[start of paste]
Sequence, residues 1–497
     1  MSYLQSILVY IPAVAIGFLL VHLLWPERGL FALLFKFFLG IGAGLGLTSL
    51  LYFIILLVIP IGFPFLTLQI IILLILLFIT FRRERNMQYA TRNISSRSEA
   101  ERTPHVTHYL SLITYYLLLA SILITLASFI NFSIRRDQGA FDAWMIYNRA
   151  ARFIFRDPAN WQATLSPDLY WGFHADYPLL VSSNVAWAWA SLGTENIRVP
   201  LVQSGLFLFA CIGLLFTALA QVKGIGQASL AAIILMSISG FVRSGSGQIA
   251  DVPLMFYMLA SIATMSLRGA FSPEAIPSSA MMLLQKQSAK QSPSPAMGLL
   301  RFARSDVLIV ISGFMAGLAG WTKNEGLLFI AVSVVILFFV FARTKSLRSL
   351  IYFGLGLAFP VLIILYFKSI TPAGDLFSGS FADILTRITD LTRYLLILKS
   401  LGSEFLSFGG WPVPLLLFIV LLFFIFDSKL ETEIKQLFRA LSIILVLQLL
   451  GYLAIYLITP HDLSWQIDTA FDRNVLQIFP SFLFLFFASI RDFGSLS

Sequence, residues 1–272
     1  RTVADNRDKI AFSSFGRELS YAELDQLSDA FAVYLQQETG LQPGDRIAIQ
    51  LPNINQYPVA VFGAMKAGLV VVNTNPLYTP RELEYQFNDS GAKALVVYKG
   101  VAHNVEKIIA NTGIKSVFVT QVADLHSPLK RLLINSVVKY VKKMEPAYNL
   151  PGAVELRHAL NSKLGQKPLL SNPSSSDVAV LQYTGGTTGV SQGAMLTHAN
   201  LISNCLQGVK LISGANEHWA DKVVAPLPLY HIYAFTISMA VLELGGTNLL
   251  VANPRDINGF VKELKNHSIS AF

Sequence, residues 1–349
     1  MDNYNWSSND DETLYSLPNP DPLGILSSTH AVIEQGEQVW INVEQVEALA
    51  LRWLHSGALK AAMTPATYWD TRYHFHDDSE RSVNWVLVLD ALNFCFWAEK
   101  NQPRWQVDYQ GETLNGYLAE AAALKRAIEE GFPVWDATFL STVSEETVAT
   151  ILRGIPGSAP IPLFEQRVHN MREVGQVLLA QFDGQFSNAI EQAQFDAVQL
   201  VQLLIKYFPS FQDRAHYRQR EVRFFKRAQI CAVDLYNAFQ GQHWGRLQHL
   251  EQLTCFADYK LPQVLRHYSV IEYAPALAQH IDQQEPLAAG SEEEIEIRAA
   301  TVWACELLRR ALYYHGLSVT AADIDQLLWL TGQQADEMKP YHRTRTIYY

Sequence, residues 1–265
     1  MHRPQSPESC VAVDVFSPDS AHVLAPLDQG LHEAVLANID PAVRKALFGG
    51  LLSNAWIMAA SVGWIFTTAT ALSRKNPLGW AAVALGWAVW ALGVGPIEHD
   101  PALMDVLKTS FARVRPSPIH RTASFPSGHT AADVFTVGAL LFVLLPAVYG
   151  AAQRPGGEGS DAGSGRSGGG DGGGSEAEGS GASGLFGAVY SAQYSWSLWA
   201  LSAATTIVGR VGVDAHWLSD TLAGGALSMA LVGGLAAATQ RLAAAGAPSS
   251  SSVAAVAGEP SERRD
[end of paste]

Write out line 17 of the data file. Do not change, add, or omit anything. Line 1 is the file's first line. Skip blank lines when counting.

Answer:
   201  LISNCLQGVK LISGANEHWA DKVVAPLPLY HIYAFTISMA VLELGGTNLL